From the Director
When the Wisconsin Academy was founded in 1870, the American fascination with science was in full bloom. Today, not so much.
Writing is a gateway to insight and wisdom, and Wisconsin needs both these days.
When the winds of change are in the air, it’s a good idea to gather one’s extended circle—especially the wisdom-keepers and those who understand our history and how it shapes these times and the future.
This spring, the Wisconsin Academy brought together our Waters of Wisconsin Initiative leaders for a day of intense discussion about the state of Wisconsin’s freshwater ecosystems.
Why has Wisconsin, which is ranked 48th in the U.S. for public arts funding, retreated from public investment in the arts?
How do the natural places we know and love define so much of what Wisconsin means to us?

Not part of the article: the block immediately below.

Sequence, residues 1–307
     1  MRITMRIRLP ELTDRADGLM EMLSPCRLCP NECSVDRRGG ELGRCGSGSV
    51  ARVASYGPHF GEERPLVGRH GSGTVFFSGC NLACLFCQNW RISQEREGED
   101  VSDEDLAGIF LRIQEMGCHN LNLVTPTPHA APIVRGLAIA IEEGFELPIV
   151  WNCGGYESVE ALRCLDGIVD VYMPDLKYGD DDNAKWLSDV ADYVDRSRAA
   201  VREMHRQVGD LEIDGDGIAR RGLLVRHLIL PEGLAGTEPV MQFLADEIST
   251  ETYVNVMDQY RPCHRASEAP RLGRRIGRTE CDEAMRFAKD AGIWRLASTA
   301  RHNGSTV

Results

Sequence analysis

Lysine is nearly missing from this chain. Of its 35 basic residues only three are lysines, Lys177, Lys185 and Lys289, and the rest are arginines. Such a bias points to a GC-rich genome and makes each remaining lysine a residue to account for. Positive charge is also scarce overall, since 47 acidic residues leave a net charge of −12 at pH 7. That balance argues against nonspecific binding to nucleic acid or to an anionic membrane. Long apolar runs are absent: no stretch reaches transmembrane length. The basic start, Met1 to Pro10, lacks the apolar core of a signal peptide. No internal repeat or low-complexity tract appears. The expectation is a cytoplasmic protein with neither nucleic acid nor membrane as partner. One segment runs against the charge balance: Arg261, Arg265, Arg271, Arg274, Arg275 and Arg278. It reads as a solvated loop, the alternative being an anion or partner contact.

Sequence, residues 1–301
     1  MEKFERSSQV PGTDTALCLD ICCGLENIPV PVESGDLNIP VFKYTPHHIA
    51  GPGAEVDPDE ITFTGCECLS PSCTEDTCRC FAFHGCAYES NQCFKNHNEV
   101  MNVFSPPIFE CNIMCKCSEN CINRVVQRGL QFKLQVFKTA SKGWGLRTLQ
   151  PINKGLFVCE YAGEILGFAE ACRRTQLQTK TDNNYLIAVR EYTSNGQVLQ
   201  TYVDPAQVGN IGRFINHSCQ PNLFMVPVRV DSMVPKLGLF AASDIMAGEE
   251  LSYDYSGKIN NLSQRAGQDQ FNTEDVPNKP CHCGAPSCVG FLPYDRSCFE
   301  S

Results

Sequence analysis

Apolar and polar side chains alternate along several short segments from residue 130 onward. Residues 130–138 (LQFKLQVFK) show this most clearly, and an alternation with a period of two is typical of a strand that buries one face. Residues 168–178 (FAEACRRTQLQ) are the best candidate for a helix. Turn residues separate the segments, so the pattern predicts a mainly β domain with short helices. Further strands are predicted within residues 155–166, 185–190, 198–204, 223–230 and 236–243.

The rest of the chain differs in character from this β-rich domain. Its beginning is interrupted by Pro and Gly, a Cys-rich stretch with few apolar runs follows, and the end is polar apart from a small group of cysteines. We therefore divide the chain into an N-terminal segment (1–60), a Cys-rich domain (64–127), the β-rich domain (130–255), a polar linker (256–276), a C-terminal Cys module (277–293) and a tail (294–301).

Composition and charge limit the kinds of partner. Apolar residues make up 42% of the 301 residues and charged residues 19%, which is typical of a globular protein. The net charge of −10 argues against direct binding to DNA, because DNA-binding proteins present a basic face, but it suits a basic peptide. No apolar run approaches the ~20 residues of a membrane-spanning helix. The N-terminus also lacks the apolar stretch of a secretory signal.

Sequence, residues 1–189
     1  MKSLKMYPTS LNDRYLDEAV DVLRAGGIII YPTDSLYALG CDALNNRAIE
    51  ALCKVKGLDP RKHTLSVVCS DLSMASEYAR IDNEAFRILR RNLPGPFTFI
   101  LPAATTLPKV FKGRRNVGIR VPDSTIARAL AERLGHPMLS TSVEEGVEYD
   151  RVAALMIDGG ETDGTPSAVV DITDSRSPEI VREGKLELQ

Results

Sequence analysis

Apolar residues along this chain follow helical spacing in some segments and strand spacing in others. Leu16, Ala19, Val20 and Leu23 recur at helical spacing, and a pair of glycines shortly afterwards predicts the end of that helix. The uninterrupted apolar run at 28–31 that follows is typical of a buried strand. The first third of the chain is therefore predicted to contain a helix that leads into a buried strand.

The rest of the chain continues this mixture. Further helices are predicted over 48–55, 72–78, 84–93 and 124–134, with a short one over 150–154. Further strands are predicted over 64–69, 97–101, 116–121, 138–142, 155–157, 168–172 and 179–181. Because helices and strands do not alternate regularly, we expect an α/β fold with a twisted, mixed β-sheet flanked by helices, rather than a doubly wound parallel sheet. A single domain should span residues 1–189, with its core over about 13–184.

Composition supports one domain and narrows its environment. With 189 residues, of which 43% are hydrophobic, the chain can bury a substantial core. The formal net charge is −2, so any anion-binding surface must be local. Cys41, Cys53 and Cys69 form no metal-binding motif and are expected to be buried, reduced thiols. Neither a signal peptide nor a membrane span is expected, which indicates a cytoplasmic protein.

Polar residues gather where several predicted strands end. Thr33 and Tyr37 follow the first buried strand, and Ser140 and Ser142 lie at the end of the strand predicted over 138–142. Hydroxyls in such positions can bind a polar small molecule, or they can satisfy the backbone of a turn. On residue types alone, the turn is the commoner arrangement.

One of the rewards of working at the Wisconsin Academy is being able to play in the same pool with some of the leading thinkers from across the spectrum of the sciences, arts, and letters as they wrap their heads around
I’m pleased to share with readers news that the Wisconsin Academy recently completed a strategic plan for the next three to five years.
We’re living in a time when a lot is churning, and some old assumptions about the way life is supposed to be are turning out to be less than reliable.
As the dust was settling from the Democratic and Republican National Conventions at the end of the summer, a friend of mine excitedly posted on Facebook, “I actually heard the word citizenship used!” While I can’t recall how many other people “Lik
Wisconsin Academy Administrative Offices and Steenbock Gallery
1922 University Avenue
Madison, Wisconsin 53726
James Watrous Gallery of the Wisconsin Academy of Sciences, Arts & Letters
3rd Floor, Overture Center for the Arts
201 State Street
Madison, WI 53703